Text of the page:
The Lady's Guide to Celestial Mechanics

The Lady's Guide to Celestial Mechanics

As Lucy Muchelney watches her ex-lover’s sham of a wedding, she wishes herself anywhere else. It isn’t until she finds a letter from the Countess of Moth, looking for someone to translate a groundbreaking French astronomy text, that she knows where to go. Showing up at the Countess’ London home, she hoped to find a challenge, not a woman who takes her breath away. As Lucy Muchelney watches her ex-lover’s sham of a wedding, she wishes herself anywhere else. It isn’t unt...

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Title:The Lady's Guide to Celestial Mechanics
Author:Olivia Waite
Rating:

The Lady's Guide to Celestial Mechanics Reviews

  • ⚔ Silvia ⚓

    I don't often read historical fiction but I've been trying to make exceptions for queer histfic, especially when they're f/f. And there's a special set of emotions I go through while reading, the most unpleasant of which is the fear that something bad will happen, that will make me recoil and make me want to put down the book not because it's not good but because of the unnec

    I don't often read historical fiction but I've been trying to make exceptions for queer histfic, especially when they're f/f. And there's a special set of emotions I go through while reading, the most unpleasant of which is the fear that something bad will happen, that will make me recoil and make me want to put down the book not because it's not good but because of the unnecessary bad stuff (read: homophobia, transphobia, racism, violence against women, etc) that traditionally has been associated with historical fiction. It's

    , you say, to which I say: ✨fuck off✨

    This premise just so I can talk about what it did to me to go into this book and soon realize I needed to stop bracing myself for the stuff I mentioned above, because, amazingly, it kept not coming. And there's a lesson for histfic authors:

    It's not that this book shies away from a lot of stuff including misogyny and the fact that the two women won't ever be able to live their relationship publicly. But it's written so delicately and carefully that as long as you know the content warnings you don't have to be scared that things are going to get bad. In fact, things get so, so good.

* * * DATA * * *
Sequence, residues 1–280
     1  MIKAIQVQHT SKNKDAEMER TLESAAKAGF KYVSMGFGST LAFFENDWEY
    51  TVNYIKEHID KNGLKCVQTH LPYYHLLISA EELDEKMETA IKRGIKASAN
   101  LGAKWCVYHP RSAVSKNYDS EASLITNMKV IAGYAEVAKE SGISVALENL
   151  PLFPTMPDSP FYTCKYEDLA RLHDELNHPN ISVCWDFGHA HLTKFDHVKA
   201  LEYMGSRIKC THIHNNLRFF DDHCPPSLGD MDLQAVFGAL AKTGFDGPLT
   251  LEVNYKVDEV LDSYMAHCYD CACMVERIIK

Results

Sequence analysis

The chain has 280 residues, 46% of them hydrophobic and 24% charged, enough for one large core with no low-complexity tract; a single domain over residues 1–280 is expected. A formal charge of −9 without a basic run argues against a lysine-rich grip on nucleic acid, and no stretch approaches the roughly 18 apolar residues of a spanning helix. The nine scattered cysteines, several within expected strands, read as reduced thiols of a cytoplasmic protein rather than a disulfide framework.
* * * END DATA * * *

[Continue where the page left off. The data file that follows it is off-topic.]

This is a romance that's certainly good and wholesome and that made me so happy. But the romance is almost secondary to the beautiful messages this book sends about art, science, and the presence and importance of women in both fields, and how this presence has always been there, whether we care to know it or not.

    And, you know, this is a book about two cis, white women. But it manages to be intersectional and acknowledge issues that wouldn't necessary touch the lives of the two main characters, in a way that makes anybody feel welcome while reading. I can't stress enough how books like this are so important.

    The relationship itself was very cute and while the MCs got together a little soon for my liking (with necessary later drama), I still liked everything about it. Catherine, the widow, had never explored her attraction to women and although she's older than Lucy she is kind of the more inexperienced of the two. I really liked that and it was so great to see them explore consent in every scene together. There's also a little bit of an age gap (I think it's about 10 years, Catherine is 35 and Lucy 25), which is not something I usually love in romance, but the fact that they're both relatively older and both have experience in love/dating, as well as their own interests and expertise made me enjoy it and not really care about the gap at all. They both had things to teach each other and they helped one other out in so many ways, not in a "love fixes everything" way but in a way where they both figured out who they want, who they

    to be and that was so beautiful to see.

    I also loved the writing style so much I actually got mad that I was reading this with a read-out-loud app because I couldn't highlight the best quotes. But that also means I definitely want to reread it sometime when time will allow me to, because it was so atmospheric and at times poetic, I just have to sit down and read it with my own two eyes.